I found the room in which the doctor saw me surprisingly warm and cozy considering the aseptic quality in its nature. The machines it held looked powerful and precise, unlike the multitude of small tools one sees at the general practitioner. He only worked with ear, nose, and throat, and I appreciated his specificity. Sitting me down in a chair over which the arm of a brawny ear machine hung, he began examining my left ear.
“It’s my right ear that’s clogged,” I insisted. He ignored my remark and continued examining the ear while collecting a few metal instruments from a nearby stand.
“Have you had ear surgery recently?” he asked.
“No,” I responded.
“And you don’t have any hearing implants?” His look was disconcerting. He spent a moment mulling over the condition of my ear.
“This is going to be uncomfortable,” the doctor admitted.
My father looked on from a few feet away, standing in the doorframe. The doctor began to probe the inside of my ear with a stiff stick-shaped ear cleaner made of slender surgical steel. It was cold and shrill. I could feel the heat gradient between my oppressive ear lining and the room temperature steel. He worked his way in methodically and without relent. I could not refrain from wincing. Finally he withdrew the steel instrument and rolled its contents from the scoop at its end into his palm. Encased in a light coat of wax was a light-brown hemispherical body smaller than a candy button. The doctor looked at it quizzically. My father scooched closer to get a look. Staring at the object I began to notice a pattern on its surface. There were seven black dots across the top of it. As the body was brought closer to the light, its casing radiated orange and red through the wax. The doctor continued to wriggle in bafflement.
“It’s a ladybug,” I explained to the room. Ladybug, I said to myself. I counted its dots. The doctor tactlessly let out an audible gasp. My father started to chuckle. Then I had to explain to them that I knew why the ladybug was there. “Earlier this week…”
I awoke to a rustling. Immediate and deafening, it seemed to radiate outwards from the inside of my head. It rolled around inside my ear, alluding to the restlessness of a microphone clipping violently as it is carried along a stretch of windy beach. I scanned my bedroom looking for the source of the sound or a trace of a disturbance. Nothing in the room was out of place. A balled up piece of paper crackled within me and I started clawing at my ear feverishly. It burrowed into my brain. I dug my nails into the lining of the ear in an attempt to drag the intruder outwards. A minute of hysteria writhed by. The rustling continued but quieted. I rolled across the bed as a dog rolling in a rotten corpse. Inexplicably the whisper abated. As I began to notice sounds beyond the boundaries of my skull several realities set in. I became cognizant of my hyperventilation. I was alone in my bed, sweating profusely. Darkness receded from the corners of my eyes, disassembling the vignetted frame of anxiety. The canal had become stagnant.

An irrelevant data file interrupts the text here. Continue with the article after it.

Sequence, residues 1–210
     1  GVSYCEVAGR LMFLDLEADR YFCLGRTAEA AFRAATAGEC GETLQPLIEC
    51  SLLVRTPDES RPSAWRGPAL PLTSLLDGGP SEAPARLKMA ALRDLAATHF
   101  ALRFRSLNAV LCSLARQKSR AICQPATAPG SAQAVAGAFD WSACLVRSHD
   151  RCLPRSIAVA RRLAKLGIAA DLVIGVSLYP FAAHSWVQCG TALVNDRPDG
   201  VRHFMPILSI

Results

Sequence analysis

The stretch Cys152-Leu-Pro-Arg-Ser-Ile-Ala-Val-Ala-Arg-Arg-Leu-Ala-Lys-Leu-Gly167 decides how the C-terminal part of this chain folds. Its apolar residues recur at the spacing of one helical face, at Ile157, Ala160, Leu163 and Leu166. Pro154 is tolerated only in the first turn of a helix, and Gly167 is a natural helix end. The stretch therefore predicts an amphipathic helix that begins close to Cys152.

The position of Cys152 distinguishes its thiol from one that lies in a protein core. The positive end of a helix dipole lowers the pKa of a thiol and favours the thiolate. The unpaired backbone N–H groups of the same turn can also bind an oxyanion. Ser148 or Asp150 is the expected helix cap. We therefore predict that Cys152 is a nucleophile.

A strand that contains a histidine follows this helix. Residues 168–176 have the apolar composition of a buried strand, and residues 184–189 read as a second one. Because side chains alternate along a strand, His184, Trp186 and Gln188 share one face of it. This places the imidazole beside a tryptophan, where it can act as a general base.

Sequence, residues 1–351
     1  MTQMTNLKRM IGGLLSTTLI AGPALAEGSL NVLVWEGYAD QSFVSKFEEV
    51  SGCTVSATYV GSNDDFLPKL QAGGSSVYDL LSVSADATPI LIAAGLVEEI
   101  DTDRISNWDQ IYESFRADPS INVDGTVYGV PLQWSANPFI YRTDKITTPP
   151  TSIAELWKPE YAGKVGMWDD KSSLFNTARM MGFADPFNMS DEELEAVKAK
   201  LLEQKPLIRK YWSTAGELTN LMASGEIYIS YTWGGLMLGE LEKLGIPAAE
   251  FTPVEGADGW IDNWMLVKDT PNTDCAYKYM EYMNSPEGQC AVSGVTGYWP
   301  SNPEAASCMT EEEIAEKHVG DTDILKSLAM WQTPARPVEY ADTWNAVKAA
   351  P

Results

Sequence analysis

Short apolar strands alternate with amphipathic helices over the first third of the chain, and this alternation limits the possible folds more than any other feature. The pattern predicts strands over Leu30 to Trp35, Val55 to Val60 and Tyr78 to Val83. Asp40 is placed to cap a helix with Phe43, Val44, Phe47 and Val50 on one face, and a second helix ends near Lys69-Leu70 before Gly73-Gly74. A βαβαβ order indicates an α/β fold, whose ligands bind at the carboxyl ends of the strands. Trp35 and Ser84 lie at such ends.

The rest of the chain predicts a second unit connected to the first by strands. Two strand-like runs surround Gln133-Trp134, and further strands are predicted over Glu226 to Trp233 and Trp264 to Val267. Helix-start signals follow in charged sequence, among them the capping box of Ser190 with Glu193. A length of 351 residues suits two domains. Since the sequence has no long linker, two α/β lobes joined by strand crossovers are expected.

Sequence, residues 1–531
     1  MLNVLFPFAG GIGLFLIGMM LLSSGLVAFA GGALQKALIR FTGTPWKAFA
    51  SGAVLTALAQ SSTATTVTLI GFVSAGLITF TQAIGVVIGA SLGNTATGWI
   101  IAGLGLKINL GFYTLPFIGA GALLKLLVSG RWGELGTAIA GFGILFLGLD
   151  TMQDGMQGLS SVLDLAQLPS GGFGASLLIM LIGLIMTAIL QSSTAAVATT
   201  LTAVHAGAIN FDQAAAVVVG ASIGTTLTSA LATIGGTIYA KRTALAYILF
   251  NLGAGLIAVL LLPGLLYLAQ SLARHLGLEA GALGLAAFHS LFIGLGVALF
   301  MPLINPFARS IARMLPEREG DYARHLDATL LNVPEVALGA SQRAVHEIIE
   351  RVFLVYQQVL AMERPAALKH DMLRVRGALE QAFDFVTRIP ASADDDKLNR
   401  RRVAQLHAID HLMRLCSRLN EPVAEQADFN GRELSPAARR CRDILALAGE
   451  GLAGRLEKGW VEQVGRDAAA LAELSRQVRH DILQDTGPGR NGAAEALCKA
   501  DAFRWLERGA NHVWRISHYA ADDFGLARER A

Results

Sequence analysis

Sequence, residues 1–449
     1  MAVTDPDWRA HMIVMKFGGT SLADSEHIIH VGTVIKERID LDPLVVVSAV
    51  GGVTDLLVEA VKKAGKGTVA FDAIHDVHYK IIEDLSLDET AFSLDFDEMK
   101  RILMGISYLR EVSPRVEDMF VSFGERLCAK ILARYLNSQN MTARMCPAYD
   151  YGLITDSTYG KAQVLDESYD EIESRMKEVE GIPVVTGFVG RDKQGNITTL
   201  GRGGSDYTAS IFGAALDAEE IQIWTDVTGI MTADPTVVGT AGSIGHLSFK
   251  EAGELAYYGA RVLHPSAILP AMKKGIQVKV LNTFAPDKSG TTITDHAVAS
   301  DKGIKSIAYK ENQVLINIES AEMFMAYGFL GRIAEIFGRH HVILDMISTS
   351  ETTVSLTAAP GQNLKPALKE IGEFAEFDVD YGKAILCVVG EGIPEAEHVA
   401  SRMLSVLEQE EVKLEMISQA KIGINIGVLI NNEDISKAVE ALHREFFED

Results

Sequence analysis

I have dream problems. When I wake up during a dream, it often takes me a few minutes to remember what is real and what is imagined. The consequences of this part of me range from trivial to paralyzing. Sometimes I wake from nightmares in which a parent has perished and I lay distressed in bed unsure of their existence. In the wake of the ladybug’s incursion, I went to the bathroom to inspect my left ear. It looked like the same old ear. I pulled on it and brought it close up to the mirror in an effort to see its insides. Nothing poked out. I started to think about my breathing and slow it down. There was nothing in my ear; it was just a nightmare. Noticing that my bedroom window was ajar, I promptly shut it. Dreamless sleep. I hate hallucinating.
A few days following this nightmare I went for a dip in the Schlachtensee. My right ear became clogged with water and refused to clear after I emerged, leaving me deaf on one side. The afternoon passed and I attended a dinner party, turning left ear towards the other guests to hear them. I slept with my clogged ear rested on the pillow and when morning came it remained clogged. I went troubled to the doctor and the pressing violation of my inner sanctity became evident. The bug was expelled and the clogged ear was then emptied using a mighty invasive squirt gun.
Three months have elapsed and at anxious night I sometimes return to thinking of the ladybug. Did it pick my ear intentionally? Did it anticipate its own death and seek out a deathbed? If I were dying, I would want to finish the job in a warm, cozy place, a mucous membrane perhaps. I am thankful that my other ear became clogged and I had to go to the doctor. It is not often that trauma passes from the realm of hallucinations to the tangible, clasped in the hands of grown-ups and endowed with actuality. More often the opposite occurs. Real-life events bleed into our dreams and haunt us repeatedly. We often shrug off our nightmares and the impact they have on our lives in the days that follow. Although the process of removing and recognizing the ladybug was disturbing in its own right, to know that one potent minute of terror and confusion was not a hallucination affirms my sanity. The corpse is gone, but I can say in earnest that I have been the pit in which one has buried itself alive. On a less contemplative note, I am simply glad to not have it physically in my body. The ladybug could have stayed for months before causing a problem, cozied in my canal and sheltered from the elements. Preserved by my wax. A bug in a boy. Exoskeletons inside skeletons.